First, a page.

Monday arrived all grey and gloomy. Sight unseen, my bedroom curtains still closed, yet I knew it was a rain-soaked day. The swish and swirl of droplets coaxed from the streets by the groves of speeding rubber tires on to the bumpers of yellow taxis and passenger cars—the former prowling the streets in search of a fare, the latter hunting for a legal parking space—served as my alarm clock today.
I lay in a snug, personal hearth that was born from the knowledge that there was no need to leap from my bed and into the office on this morning. Although I have other priorities, I could stay snuggled in the eight-hour warmth, here, under the covers, until baby Julia awoke.
Just as that thought slid from my brain’s frontal lobe a soft bah, bah, BAH, lifted into the air, from next door, the first flair of Julia’s dawning awakened state. Typically, the chirping served as my revelry call. But today I stayed put, just a little longer, in bed.
Today was the eighth day. The countdown clock loomed larger.
Next week, the 29th of March, I return to work.
If anyone had told me before my daughter arrived, that I’d love being at home taking care of Julia—diapering, feeding, bathing— as a way of life, to this degree, I would have, under my breath, called them a barefaced liar. I love the act of caring for my daughter. It saddens me to lose the daily connection. Julia has worked in herself into my bones.
For the first time in my working life, I have scaled down so, I hardly recognize myself. In my old life, the PBJ life, I was one of the main reasons why the Metropolitan Transit Authority considered back in the fall the absurd idea to cap 30-day Unlimited MetroCards at ninety rides. (Why call them Unlimited for God sakes?) Between my grad school needs and my foodie fixes, I hoarded my lunch hour, to hop the train to procure a book or a beef roast, depending on the day, the need, or my mood. I pimped out my transit card like no one else I knew. Now, in the past seven weeks, I’ve agonized over buying a one week unlimited card for feared it wouldn’t get much use. I’ve stayed close to home because all I needed was there.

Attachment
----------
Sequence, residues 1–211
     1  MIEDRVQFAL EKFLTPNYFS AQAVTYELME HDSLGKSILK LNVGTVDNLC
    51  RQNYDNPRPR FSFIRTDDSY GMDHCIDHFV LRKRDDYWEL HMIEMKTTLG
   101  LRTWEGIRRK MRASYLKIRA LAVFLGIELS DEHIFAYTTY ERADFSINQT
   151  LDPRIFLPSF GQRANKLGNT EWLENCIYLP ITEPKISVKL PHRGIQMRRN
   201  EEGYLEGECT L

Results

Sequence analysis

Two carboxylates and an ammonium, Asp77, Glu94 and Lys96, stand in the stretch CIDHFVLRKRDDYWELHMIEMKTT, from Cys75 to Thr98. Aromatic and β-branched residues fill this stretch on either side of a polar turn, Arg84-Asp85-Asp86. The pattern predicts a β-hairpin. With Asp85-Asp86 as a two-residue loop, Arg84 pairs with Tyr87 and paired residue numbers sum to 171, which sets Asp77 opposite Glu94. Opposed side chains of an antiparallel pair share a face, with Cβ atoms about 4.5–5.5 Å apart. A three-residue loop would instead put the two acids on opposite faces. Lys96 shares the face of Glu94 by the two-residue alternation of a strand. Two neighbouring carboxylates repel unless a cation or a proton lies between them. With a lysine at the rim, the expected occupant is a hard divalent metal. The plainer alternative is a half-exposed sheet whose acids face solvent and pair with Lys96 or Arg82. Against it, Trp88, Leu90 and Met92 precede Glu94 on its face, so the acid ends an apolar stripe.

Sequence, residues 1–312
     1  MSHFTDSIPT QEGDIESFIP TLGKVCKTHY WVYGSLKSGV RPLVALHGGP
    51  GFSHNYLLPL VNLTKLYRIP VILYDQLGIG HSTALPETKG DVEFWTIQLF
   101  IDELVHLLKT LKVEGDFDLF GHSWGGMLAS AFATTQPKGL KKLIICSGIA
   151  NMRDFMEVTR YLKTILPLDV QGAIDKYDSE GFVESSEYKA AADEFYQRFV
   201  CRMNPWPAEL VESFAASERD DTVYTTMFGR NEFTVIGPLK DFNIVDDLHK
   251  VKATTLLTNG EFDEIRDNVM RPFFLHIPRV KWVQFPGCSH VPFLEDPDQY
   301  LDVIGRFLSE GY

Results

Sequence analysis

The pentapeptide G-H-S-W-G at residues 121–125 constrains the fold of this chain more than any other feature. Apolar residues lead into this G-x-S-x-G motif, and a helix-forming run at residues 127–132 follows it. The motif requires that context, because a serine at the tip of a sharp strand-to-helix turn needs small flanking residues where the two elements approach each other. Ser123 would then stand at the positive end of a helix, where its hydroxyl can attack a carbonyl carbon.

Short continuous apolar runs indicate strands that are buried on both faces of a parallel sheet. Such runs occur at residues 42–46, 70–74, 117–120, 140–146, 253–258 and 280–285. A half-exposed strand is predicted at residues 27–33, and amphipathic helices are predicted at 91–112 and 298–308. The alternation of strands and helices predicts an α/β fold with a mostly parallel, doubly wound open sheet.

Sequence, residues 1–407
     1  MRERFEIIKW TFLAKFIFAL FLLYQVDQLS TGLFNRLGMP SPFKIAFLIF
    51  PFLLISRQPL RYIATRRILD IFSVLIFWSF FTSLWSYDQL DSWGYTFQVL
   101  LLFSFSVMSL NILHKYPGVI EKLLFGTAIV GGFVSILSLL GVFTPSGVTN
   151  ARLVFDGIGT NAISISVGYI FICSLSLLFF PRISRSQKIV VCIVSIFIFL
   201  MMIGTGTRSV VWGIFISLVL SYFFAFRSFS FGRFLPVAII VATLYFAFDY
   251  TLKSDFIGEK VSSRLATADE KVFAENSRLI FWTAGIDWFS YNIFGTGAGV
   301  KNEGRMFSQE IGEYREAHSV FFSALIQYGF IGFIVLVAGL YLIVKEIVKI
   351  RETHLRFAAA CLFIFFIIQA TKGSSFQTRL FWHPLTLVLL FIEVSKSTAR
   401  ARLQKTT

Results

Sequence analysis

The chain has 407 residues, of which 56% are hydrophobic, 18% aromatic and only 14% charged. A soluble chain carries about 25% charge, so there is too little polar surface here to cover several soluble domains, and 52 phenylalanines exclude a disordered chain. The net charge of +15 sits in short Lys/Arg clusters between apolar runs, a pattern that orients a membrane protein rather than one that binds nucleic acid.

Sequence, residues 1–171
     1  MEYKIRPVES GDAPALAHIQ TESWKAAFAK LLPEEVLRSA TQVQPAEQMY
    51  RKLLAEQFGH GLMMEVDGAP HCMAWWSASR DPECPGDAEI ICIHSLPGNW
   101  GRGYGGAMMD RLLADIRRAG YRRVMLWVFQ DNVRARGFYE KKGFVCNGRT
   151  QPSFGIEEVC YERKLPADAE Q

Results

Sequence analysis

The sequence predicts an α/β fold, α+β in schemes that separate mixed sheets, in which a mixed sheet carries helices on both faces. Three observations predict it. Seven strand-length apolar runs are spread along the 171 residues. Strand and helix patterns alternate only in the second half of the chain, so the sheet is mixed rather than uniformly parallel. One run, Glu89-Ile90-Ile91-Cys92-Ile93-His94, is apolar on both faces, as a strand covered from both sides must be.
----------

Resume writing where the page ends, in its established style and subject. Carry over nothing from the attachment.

This gloomy Monday reminded me; in eight days, the cocoon that Julia and I have woven will clasp. The timer set a long way back. Soon the nanny will come, because it is her job to come, because I have to return to my job.
To be sure, in some ways, I welcome it. I miss the undisturbed moments when my fingers can sweep over my computer keys—completing a thought or a clean sentence—rather than allowing Julia’s feeding schedule to take precedence. I welcome the return of adult conversation (devoid of Charlie Sheen or the Royal Wedding, please) rather than the lengthy ones I’ve held regarding Thomas the Train, and a Very Hungry Caterpillar that sprung from the fertile mind of Eric Carle. I’ll again welcome free reading time during my subterranean commute rather than keeping watch to insure Julia’s tiny, ever exploring hands haven’t made contact with the subway pole, the seat, the window, stray pieces of paper, old gum, or the leather clad surface of a stranger’s arm. But I will miss her more.
Only eight more days. Seven, if I’m honest, as I check the clock on the upper left hand corner of my laptop. So for now, I’ll stay here, in the weld of this moment, mentally rolling around in the hours like a dog in fresh-cut August grass, here with my daughter and my books. In our solitude. I’ll pull the cashmere of cocoon a little more tightly about us. Set the extra lock on the front door, keeping world outside for as long as the calendar says that I can.